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Inserting a Zipper

A lot of people are apprehensive about adding a zipper to their garments and that is a perfectly reasonable fear! Some people will actually avoid a pattern that calls for a zipper closure.


Sure, you could take your knitted garment to the dry cleaners and have them sew in a zipper with a machine and that would certainly take less time.

But what's the fun in that and you wouldn't get the satisfaction of putting in your own zipper and telling people that you did it all by yourself.


Jane has actually knit three cardigans that were adapted from a sweater pattern and I've used Jane's Aran Cable Cardigan to give you a bit of a tutorial:



Janes Aran Cable Cardigan; adapted from the https://www.ravelry.com/patterns/library/urban-aran-pullover sweater pattern with notes by Jared Flood https://www.ravelry.com/patterns/library/urban-aran-cardigan . Knit in Cascade Eco +,a bulky weight plied wool.


Step 1: Mark every 2" from top to bottom on Zipper

Step 2: Mark every 2" on sweater with pins


Step 3: Pin together, aligning 2" marks on zipper and sweater

Step 4: Baste with contrasting thread from right side of garment

Step 5: Backstitch with matching thread from wrong side of garment (nice small ad neat 1/4" stitches)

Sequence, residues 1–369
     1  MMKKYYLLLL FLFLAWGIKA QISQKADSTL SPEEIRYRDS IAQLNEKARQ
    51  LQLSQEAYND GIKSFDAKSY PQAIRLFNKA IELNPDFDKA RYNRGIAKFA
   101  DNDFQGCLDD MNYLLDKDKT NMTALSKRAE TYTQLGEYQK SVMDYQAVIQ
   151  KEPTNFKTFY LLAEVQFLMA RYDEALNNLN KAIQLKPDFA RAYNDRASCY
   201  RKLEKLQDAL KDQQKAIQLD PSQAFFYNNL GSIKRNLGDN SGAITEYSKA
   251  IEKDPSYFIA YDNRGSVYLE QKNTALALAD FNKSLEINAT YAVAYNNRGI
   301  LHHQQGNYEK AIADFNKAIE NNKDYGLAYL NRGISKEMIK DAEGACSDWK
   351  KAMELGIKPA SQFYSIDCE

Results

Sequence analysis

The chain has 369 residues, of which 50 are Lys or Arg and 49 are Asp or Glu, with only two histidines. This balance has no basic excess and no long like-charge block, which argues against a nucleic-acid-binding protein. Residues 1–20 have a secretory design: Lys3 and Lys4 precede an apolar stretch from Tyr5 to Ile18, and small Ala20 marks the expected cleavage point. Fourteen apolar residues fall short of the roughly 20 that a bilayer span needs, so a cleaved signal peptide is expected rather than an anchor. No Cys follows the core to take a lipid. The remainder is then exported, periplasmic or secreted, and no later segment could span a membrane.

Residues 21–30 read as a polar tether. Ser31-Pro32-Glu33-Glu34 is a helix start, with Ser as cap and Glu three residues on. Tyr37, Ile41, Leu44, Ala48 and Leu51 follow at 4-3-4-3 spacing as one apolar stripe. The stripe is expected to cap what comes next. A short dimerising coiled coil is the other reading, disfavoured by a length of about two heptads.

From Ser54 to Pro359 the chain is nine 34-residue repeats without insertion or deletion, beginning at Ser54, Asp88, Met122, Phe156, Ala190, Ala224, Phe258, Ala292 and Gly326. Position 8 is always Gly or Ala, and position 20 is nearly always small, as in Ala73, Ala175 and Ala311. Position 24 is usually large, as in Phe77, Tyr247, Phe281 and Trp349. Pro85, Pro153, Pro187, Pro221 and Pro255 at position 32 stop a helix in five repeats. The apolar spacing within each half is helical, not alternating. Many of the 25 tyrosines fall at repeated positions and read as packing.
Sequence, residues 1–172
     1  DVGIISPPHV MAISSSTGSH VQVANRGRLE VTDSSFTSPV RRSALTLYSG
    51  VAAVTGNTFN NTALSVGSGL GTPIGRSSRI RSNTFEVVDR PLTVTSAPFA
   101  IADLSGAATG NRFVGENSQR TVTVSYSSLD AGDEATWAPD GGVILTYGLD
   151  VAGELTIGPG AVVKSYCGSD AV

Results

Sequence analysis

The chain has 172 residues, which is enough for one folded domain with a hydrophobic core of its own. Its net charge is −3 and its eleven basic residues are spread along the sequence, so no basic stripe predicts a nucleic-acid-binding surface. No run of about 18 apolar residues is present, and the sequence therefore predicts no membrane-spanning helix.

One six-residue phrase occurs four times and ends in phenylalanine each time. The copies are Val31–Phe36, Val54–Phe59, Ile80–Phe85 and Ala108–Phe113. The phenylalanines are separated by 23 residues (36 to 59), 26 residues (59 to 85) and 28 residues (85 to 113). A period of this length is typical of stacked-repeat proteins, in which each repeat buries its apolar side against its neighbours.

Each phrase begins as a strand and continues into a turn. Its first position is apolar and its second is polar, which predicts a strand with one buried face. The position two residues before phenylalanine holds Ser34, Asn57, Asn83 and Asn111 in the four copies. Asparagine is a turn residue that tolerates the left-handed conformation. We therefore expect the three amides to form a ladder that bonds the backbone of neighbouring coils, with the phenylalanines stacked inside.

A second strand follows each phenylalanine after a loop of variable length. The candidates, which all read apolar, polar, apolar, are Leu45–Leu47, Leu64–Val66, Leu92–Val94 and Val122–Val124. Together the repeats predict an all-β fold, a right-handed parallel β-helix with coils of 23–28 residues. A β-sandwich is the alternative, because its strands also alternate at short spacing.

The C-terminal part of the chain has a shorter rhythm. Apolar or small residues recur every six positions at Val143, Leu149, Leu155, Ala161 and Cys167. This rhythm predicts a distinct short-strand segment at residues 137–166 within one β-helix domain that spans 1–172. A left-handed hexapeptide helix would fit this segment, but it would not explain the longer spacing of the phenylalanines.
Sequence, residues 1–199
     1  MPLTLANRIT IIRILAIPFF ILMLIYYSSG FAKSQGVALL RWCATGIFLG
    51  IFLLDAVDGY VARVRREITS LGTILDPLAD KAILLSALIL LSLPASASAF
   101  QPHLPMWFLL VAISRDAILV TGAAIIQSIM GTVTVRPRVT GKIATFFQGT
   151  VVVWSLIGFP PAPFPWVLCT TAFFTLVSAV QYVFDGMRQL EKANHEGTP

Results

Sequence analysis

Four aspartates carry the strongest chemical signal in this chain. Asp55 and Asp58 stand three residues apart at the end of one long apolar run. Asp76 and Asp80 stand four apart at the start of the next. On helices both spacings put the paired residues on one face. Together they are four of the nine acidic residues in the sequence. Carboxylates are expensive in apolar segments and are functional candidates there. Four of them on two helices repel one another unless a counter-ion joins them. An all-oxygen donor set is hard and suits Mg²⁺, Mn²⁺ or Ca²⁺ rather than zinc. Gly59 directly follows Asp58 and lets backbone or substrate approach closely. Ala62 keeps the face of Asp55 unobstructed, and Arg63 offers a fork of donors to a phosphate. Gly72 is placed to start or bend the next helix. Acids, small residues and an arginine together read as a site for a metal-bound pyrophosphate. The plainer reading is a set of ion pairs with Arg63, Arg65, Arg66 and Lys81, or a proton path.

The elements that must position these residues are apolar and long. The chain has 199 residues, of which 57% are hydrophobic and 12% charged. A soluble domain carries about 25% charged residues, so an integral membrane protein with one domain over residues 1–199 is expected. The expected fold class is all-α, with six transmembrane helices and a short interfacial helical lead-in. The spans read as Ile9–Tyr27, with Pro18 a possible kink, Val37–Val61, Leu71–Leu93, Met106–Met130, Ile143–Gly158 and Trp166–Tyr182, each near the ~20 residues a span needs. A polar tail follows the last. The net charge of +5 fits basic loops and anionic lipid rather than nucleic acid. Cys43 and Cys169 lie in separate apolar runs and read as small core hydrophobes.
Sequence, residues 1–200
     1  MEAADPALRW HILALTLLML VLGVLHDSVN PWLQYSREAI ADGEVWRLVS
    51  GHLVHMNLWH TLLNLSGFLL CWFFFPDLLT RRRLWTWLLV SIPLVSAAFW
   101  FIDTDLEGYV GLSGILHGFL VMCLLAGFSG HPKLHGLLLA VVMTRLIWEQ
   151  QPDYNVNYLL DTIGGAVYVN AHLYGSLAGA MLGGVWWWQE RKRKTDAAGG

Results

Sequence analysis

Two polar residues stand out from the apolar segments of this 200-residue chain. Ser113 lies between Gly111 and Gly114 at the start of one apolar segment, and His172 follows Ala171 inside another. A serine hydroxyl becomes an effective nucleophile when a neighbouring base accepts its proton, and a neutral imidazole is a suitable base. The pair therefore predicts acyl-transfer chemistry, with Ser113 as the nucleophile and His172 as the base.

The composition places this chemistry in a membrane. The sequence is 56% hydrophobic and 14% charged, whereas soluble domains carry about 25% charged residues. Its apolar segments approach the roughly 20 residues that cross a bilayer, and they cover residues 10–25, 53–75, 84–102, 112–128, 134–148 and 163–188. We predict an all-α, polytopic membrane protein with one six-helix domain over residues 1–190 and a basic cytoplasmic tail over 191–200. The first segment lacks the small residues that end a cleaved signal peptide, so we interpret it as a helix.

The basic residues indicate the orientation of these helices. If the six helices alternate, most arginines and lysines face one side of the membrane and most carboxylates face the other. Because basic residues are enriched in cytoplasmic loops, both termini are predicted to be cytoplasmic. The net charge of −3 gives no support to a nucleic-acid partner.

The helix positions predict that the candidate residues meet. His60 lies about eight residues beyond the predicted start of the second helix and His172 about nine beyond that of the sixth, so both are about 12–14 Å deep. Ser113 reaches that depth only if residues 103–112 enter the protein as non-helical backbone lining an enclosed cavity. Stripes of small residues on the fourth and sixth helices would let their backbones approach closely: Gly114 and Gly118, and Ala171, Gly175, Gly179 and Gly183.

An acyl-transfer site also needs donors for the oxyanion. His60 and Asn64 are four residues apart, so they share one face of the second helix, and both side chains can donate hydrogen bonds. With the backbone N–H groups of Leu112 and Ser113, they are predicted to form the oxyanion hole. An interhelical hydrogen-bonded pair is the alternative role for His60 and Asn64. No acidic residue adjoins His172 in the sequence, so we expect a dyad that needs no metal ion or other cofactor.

Repeat steps 1-4 for the other side with zipper closed, then open the zipper before working step 5.

All done


Neat and tidy inside and out


It fits perfectly and according to Jane is very cozy!


This was Jane's second cardigan and she knit another one for her son in a deep green colour. Cascade Eco + gives great definition to the stitches! I think Jane has the pattern memorized now.




Note: To make life easier when adapting a pattern like this make sure that the first 2 and last 2 stitches at the centre front are worked in Stocking Stitch (knit on the right side and purl on the wrong side). This gives a nicer finished edge to seam the zipper to.


We were not happy with this reverse Stocking Stitch edge so I did a bit of "Creative Improvement" on the green cardigan. I tried a few different methods and this was the one that looked the nicest:


Right Front:

Using smaller needles and with Right Side Facing, starting at bottom edge, pick up and knit every stitch as close to the edge as possible.

Bind off all stitches Purlwise on Wrong Side.


Left Front:

Using smaller needles and with Right Side Facing, starting at bottom edge, pick up and Purl every stitch as close to the edge as possible.

Bind off all stitches Knitwise on Right Side.

This way both bind off chains will face the same way. (We wouldn't want one chain to point upwards and the other to point downwards!)


Follow steps 1-5 as for the light coloured cardigan for sewing the zipper.


Isn't that a nice edge?



Another way of getting a nice front edge is to work an I-Cord edge like Tanis shows in this tutorial: https://www.tanisfiberarts.com/blog/2016/8/zipper-tutorial


I hope this helped alleviate any fears about putting in a zipper.

Although this is a lengthy process but it is well worth the finished product.

Just be patient because it does take a while to do a good job.


Until next time,


I hope you finished the fall clean up before the snow came.

I do enjoy the snow ( I drive a truck so I actually love driving in it) and don't mind shoveling the driveway, especially if mom beats me to it in the mornings ;)


Stay well and keep those needles and hooks moving!

Happy and Productive knitting

Gabriela


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